October 8, 2013
SAN FRANCISCO – A regimen of daclatasvir, asunaprevir, and a non-nucleoside NS5B inhibitor yielded high sustained virologic response rates among patients with hepatitis C genotype 1 in a study presented at ID Week 2013.
Gregory T. Everson, MD, University of Colorado Denver in Aurora, Colo., and colleagues randomly assigned 32 noncirrhotic, treatment-naive patients with hepatitis C genotype 1 to 60 mg NS5A inhibitor daclatasvir (DCV) once daily and 200 mg protease inhibitor asunaprevir (ASV) and 75 mg non-nucleoside NS5B inhibitor BMS-791325 twice daily for 24 (group 1; n=16) or 12 weeks (group 2; n=16). An additional 34 patients then were randomly assigned 60 mg DCV once daily and 200 mg ASV and 150 mg BMS-791325 twice daily for 24 (group 3; n=16) or 12 weeks (group 4; n=18).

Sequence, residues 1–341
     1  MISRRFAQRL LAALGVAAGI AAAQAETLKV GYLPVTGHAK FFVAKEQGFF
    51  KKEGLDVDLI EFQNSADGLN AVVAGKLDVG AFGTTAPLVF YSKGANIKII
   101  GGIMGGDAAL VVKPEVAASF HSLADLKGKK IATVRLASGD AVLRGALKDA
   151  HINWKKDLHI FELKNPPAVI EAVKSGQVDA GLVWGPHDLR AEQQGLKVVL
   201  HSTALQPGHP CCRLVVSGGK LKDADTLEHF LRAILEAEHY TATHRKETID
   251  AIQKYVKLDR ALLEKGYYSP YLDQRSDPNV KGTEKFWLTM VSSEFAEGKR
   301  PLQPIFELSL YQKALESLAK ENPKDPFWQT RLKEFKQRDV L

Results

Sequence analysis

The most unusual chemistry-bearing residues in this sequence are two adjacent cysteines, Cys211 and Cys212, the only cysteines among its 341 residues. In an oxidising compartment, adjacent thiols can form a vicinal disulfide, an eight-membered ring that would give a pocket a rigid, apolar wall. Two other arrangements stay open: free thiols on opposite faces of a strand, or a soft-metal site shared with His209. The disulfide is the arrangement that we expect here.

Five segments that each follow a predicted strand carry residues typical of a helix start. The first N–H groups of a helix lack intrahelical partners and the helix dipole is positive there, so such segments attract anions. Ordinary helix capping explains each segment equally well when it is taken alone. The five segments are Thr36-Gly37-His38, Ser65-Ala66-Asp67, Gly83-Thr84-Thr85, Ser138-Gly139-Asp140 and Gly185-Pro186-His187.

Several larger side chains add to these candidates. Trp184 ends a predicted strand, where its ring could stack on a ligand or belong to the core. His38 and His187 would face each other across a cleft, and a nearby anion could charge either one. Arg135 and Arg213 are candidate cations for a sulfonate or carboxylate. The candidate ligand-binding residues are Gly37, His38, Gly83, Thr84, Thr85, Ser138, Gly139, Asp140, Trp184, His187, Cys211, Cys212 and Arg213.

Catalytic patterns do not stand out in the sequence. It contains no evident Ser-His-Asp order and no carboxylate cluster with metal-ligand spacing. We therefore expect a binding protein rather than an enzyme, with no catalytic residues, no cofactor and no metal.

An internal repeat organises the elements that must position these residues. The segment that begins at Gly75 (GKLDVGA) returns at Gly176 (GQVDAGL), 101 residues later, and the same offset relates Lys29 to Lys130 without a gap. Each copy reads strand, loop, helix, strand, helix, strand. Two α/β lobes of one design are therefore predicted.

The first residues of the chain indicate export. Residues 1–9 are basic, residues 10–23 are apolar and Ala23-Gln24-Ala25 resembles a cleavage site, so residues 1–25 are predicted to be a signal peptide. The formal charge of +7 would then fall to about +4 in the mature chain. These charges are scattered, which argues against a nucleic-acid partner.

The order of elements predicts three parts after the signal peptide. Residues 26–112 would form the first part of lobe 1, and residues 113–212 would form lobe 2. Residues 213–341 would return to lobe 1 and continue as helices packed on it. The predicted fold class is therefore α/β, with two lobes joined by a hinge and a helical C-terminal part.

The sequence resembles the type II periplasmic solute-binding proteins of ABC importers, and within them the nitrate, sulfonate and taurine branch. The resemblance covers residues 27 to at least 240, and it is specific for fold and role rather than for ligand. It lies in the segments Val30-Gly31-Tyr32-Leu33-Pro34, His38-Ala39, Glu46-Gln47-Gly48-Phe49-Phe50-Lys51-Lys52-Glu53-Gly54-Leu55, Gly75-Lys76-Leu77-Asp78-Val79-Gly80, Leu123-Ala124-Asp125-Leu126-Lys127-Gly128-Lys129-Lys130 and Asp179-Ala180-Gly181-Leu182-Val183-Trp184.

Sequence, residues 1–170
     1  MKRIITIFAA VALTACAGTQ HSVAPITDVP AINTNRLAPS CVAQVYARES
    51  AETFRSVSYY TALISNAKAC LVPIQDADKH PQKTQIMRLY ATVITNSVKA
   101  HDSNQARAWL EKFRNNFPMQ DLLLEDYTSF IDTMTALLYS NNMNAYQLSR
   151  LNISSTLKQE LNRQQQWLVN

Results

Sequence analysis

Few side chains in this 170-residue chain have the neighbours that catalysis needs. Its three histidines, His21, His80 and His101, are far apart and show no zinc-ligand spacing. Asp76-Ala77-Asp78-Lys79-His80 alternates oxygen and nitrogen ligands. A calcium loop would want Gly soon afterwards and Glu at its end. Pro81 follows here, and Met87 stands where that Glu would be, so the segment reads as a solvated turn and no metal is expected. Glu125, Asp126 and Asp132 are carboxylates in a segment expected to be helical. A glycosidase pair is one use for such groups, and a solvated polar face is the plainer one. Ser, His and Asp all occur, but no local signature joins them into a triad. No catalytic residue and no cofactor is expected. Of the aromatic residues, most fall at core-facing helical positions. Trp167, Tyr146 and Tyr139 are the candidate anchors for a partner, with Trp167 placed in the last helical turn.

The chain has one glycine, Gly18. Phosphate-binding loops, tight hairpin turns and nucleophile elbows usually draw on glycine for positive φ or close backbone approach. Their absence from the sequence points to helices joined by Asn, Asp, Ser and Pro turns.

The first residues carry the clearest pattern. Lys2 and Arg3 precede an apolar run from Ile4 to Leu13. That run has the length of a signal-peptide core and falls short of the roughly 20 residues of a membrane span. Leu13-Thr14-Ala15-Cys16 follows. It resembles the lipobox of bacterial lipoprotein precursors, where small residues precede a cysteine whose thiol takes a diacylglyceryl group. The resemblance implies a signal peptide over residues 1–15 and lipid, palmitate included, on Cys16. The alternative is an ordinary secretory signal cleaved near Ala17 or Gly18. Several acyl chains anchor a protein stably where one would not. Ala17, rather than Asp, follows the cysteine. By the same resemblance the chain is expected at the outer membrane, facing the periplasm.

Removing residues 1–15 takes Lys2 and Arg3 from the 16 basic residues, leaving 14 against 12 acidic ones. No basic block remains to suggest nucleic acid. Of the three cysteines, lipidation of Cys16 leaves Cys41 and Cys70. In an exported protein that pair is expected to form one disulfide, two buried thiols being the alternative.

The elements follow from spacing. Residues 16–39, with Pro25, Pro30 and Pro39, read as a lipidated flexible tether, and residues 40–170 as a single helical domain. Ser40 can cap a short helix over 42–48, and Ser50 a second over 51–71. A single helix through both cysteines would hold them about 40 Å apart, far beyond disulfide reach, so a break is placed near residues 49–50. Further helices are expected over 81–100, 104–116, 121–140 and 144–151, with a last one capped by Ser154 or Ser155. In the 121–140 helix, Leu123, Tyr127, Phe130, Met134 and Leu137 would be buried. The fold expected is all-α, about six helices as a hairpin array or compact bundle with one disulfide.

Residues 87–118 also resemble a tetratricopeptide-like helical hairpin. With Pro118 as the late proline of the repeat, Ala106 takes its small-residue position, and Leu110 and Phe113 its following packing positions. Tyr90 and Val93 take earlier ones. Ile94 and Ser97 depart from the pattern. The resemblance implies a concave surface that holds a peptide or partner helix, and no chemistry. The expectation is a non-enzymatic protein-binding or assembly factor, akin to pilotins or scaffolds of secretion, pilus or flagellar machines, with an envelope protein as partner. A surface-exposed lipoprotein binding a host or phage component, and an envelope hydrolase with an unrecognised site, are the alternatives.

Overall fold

Across the groups, all but two patients achieved HCV RNA below 25 IU/mL at 4 weeks of treatment, with 92% of evaluable patients achieving sustained virologic response at 4 weeks and 94% at 12 and 24 weeks. Rate of virologic response did not differ significantly between those who received 12 or 24 weeks of therapy.
The most commonly observed adverse events, occurring in more than 10% of patients, included asthenia, gastrointestinal issues and headache. No patients experienced hepatotoxicity or ALT, AST or bilirubin elevations of grade 3 or higher. Two serious events occurred, neither of which was considered treatment related, and no patients discontinued therapy because of treatment-related adverse events.
“DCV+ASV+BMS-791325 achieved high rates of SVR4, SVR12 and SVR24 in treatment-naive GT1 patients, characterized by GT1a and IL28B non-CC,” the researchers wrote. “This regimen was well tolerated with no apparent safety signals. Expansion of the current study is under way to better define the efficacy and safety of this regimen.”